More about FIREWALLs. EXAMPLE.
Your router's firewall can block many features. You have a choice here to turn it off or dig in and find out what ports and more to allow. Given the cost of support and the fact that routers in the past never did this, my vote for those that don't want to become Network Ninja Gurus is to turn it off.
With that out of the way, an example from a router I recently discussed.
See Page 43: http://www.downloads.netgear.com/files/GDC/DGN2200/DGN2200_UM_3Feb11.pdf
"Your modem router has a firewall that blocks unauthorized access to your wireless network and permits authorized inbound and outbound communications. Authorized communications are established according to inbound and outbound rules. The firewall has the following two default rules. You can create custom rules to further restrict the outbound communications or more widely open the inbound communications:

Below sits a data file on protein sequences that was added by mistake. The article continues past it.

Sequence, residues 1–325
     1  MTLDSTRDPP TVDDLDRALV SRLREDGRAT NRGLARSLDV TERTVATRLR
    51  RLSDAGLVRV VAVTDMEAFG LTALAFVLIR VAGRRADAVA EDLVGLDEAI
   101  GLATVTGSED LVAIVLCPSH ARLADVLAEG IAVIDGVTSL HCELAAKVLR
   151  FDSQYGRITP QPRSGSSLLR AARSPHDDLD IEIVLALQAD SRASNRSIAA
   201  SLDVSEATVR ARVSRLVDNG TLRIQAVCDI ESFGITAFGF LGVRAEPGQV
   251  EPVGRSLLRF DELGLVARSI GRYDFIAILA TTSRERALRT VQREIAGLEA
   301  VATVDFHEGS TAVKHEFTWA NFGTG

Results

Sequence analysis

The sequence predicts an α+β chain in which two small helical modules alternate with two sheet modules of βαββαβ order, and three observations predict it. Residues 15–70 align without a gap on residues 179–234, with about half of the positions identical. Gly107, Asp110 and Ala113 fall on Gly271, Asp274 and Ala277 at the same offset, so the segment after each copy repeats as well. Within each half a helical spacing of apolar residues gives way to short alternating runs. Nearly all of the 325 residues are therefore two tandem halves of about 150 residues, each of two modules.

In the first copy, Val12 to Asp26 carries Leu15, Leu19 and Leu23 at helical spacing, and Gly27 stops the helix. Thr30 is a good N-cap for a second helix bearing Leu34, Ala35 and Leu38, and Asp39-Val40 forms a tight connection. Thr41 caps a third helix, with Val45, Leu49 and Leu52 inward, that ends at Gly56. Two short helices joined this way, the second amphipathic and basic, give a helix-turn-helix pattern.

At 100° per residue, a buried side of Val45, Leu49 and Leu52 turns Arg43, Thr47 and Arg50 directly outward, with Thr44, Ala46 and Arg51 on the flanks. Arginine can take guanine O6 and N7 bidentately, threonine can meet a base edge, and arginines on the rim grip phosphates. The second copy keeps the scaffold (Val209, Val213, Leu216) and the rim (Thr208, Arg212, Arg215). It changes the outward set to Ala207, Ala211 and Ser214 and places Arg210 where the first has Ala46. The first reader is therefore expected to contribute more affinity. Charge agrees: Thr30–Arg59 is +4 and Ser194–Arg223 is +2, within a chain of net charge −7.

• Inbound. Block all access from outside except responses to requests from the LAN side.
• Outbound. Allow all access from the LAN side to the outside"
Notice how an inbound access from WiFi is blocked? You'll want to change that.
Page 44 (using the page counter in the PDF viewer) shows the default is BLOCK ALWAYS.
This means features like access to a DLNA, NAS or other server can fail.
You'll want to temper your flames to the TV makers on this area. They didn't setup your router and in most cases, it's not their product.